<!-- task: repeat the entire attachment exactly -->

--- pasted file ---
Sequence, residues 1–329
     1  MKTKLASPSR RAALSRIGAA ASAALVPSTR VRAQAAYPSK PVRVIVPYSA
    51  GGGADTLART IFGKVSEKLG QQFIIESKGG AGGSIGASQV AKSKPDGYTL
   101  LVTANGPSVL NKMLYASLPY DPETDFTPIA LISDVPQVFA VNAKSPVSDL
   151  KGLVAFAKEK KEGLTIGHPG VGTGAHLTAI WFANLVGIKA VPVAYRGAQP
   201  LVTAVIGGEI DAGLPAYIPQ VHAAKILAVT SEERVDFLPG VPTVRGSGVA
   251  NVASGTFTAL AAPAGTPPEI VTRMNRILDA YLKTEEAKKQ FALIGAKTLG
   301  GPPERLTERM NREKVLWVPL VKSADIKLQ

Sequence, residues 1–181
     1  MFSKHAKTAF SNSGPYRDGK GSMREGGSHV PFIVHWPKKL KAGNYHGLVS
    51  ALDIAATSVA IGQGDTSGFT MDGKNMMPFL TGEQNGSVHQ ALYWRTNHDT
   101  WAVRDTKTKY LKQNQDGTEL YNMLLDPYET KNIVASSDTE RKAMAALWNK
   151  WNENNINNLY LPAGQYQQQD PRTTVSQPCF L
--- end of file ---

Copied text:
Sequence, residues 1–329
     1  MKTKLASPSR RAALSRIGAA ASAALVPSTR VRAQAAYPSK PVRVIVPYSA
    51  GGGADTLART IFGKVSEKLG QQFIIESKGG AGGSIGASQV AKSKPDGYTL
   101  LVTANGPSVL NKMLYASLPY DPETDFTPIA LISDVPQVFA VNAKSPVSDL
   151  KGLVAFAKEK KEGLTIGHPG VGTGAHLTAI WFANLVGIKA VPVAYRGAQP
   201  LVTAVIGGEI DAGLPAYIPQ VHAAKILAVT SEERVDFLPG VPTVRGSGVA
   251  NVASGTFTAL AAPAGTPPEI VTRMNRILDA YLKTEEAKKQ FALIGAKTLG
   301  GPPERLTERM NREKVLWVPL VKSADIKLQ

Sequence, residues 1–181
     1  MFSKHAKTAF SNSGPYRDGK GSMREGGSHV PFIVHWPKKL KAGNYHGLVS
    51  ALDIAATSVA IGQGDTSGFT MDGKNMMPFL TGEQNGSVHQ ALYWRTNHDT
   101  WAVRDTKTKY LKQNQDGTEL YNMLLDPYET KNIVASSDTE RKAMAALWNK
   151  WNENNINNLY LPAGQYQQQD PRTTVSQPCF L